The newer WiFi Access Points use MIMO technology that has multiple antennae for transmitting and receiving data. These antennae enable beam-forming where constructive and destructive interference are user to increase the energy transmitted in a certain direction is preferential increased, or preference is given to signals received form a certain direction is increased. This allows the range of WiFi to be significantly increased to a couple of hundred meters in certain environments.
Unfortunately the underlying MAC protocol used by WiFi to determine which transmitter gets priority has been shown to manifest significant capture effects that mean the strongest signal pairing (read closest) links tend to get preference.
So in practice to get the most range for your WiFi dollar do the following:
- Buy a MIMO enabled AP (802.11n)
- Choose the lowest possible unused channel number OR failing that the one that has the least competition in terms of other APs on the same or the immediately adjacent channels.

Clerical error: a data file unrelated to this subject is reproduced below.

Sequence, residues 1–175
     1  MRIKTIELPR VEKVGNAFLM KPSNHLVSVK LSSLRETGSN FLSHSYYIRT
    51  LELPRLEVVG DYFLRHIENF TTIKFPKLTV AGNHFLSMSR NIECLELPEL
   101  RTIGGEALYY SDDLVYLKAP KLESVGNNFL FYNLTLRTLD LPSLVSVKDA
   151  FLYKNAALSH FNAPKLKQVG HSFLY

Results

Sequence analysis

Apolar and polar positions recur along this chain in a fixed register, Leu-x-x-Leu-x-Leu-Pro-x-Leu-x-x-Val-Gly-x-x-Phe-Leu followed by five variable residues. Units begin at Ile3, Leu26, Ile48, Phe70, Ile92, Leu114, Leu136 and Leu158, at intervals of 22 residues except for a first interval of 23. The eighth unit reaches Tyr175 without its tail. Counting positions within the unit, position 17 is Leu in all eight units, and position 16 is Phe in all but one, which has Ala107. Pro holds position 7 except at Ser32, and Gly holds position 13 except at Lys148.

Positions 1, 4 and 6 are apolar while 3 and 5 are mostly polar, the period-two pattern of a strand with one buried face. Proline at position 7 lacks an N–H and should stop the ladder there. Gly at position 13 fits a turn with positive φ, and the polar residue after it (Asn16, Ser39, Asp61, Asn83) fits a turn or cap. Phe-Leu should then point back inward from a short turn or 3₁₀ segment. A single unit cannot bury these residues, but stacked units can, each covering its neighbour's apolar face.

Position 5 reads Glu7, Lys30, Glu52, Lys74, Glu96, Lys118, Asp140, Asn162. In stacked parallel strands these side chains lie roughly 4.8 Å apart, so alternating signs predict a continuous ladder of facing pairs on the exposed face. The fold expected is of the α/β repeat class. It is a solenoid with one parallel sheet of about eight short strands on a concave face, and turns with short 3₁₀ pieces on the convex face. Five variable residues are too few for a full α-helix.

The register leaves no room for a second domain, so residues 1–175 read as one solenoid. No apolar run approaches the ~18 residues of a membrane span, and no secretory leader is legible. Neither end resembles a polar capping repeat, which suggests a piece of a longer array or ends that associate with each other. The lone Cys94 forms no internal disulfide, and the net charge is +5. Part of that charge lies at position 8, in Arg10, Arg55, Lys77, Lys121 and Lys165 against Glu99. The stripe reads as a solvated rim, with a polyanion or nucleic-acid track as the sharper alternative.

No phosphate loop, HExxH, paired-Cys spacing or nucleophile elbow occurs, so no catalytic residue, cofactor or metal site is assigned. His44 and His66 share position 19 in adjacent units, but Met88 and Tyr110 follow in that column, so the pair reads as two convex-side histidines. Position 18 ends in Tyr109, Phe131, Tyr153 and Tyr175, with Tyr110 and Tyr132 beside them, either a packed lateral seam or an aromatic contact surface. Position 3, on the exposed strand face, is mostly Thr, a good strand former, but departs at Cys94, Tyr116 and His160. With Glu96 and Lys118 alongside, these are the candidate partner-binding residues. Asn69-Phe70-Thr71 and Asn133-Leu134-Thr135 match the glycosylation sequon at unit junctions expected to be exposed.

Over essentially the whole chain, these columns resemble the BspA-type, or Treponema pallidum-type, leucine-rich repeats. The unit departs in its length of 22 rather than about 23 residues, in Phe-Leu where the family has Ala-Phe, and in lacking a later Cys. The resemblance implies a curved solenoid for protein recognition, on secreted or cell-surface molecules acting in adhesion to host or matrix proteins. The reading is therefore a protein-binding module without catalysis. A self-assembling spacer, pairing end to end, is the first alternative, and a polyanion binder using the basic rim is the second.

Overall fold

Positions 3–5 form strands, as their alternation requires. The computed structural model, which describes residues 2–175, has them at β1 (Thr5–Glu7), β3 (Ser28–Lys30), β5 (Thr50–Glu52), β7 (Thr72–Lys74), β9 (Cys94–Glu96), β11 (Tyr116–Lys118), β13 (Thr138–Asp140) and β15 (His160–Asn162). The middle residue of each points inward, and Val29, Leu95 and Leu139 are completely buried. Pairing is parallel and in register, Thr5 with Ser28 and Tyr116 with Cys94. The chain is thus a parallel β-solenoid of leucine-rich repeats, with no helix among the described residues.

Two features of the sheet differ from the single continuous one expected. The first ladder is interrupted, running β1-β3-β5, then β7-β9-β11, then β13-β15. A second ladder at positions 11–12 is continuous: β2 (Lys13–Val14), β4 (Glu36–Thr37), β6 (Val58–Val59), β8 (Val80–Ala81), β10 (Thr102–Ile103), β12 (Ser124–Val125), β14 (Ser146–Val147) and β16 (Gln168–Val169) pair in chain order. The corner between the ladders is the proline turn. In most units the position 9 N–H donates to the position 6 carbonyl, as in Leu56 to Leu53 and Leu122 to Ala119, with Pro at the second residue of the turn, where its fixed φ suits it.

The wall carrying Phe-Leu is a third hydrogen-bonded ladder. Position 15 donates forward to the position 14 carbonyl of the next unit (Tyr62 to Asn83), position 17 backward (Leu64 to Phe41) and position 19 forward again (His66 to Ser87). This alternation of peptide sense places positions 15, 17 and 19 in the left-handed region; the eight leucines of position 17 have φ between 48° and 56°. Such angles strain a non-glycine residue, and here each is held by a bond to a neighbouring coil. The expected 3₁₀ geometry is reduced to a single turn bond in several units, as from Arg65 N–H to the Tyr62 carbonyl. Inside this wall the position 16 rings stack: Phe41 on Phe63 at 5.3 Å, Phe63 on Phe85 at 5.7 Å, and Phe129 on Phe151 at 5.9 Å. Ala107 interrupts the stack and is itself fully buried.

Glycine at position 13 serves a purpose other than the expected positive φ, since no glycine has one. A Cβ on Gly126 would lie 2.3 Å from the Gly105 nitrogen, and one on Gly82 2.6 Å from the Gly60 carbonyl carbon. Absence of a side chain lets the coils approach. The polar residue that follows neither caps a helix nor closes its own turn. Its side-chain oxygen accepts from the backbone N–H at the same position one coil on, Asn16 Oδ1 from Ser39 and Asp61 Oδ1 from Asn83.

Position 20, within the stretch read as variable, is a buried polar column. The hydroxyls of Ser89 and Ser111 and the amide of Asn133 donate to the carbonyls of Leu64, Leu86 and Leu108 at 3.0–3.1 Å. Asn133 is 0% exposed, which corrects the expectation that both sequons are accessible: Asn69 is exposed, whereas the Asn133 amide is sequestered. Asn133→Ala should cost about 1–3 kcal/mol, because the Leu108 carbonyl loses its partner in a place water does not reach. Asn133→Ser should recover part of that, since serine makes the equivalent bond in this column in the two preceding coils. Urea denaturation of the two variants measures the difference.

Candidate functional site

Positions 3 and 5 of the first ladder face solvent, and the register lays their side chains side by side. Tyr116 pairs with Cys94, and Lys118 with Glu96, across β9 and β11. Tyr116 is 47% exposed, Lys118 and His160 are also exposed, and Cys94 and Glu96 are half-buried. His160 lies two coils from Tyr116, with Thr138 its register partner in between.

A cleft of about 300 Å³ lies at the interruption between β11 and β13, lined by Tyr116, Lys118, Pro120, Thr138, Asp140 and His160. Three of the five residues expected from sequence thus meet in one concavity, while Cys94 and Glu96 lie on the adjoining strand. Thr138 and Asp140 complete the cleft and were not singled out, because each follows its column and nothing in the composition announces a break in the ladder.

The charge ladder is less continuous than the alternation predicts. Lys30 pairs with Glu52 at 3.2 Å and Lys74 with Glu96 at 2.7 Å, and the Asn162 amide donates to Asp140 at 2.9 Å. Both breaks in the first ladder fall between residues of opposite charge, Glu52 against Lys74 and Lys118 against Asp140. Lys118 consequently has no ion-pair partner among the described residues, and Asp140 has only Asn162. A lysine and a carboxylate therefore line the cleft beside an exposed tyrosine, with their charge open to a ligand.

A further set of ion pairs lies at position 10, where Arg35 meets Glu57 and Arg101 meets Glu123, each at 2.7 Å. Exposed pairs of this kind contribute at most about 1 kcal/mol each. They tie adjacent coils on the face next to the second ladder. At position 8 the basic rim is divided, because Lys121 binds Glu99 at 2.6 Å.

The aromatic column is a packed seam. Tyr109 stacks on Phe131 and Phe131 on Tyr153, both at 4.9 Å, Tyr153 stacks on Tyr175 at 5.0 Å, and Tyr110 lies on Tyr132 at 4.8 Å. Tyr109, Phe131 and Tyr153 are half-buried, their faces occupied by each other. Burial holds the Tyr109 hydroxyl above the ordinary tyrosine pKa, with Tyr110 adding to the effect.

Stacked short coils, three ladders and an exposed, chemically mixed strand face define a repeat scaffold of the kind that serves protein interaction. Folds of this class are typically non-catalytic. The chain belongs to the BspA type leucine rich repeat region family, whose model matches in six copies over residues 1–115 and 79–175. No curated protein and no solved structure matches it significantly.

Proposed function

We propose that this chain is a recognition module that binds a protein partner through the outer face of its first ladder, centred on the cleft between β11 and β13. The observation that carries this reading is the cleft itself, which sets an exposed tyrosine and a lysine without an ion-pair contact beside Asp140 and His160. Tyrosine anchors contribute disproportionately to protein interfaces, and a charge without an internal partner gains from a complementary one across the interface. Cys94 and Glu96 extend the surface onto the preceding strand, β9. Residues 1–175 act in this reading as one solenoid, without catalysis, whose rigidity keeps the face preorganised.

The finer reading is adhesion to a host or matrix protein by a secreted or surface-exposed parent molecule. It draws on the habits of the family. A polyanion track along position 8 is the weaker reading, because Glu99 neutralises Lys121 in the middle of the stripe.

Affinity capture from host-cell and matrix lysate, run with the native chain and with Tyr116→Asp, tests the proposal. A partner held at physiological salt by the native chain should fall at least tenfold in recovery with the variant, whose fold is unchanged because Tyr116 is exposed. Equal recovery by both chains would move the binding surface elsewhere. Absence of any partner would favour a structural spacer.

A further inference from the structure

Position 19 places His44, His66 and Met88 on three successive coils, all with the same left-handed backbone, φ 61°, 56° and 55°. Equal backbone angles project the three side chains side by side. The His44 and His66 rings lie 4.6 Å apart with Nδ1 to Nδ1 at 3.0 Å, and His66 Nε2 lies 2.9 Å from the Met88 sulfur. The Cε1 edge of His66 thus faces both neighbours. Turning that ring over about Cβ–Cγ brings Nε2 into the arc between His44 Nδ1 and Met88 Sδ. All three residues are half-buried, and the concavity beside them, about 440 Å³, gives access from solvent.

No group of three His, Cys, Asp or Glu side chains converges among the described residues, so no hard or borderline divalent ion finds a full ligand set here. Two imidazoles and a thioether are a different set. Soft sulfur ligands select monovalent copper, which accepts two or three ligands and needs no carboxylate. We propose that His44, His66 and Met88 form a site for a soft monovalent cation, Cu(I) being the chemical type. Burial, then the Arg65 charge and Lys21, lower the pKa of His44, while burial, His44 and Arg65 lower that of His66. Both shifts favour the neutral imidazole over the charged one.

Like it was stated previously a mimo router could improve performance however depending on the location of the router it could be dramatically decreased the maximum for most is about 230ft indoors/820ft out doors for wireless n wireless B/G has 35ft indoors 123ft outdoors. Wireless A as sanctioned by FCC for a lot of different purposes can have ranges up to 16,000 ft. Wireless A is impractical for indoor use since it has a hard time going through walls. Most major public places that supply wifi will choose wireless A as one of their frequencies for this reason and that it has less issues with interference from other wireless bands.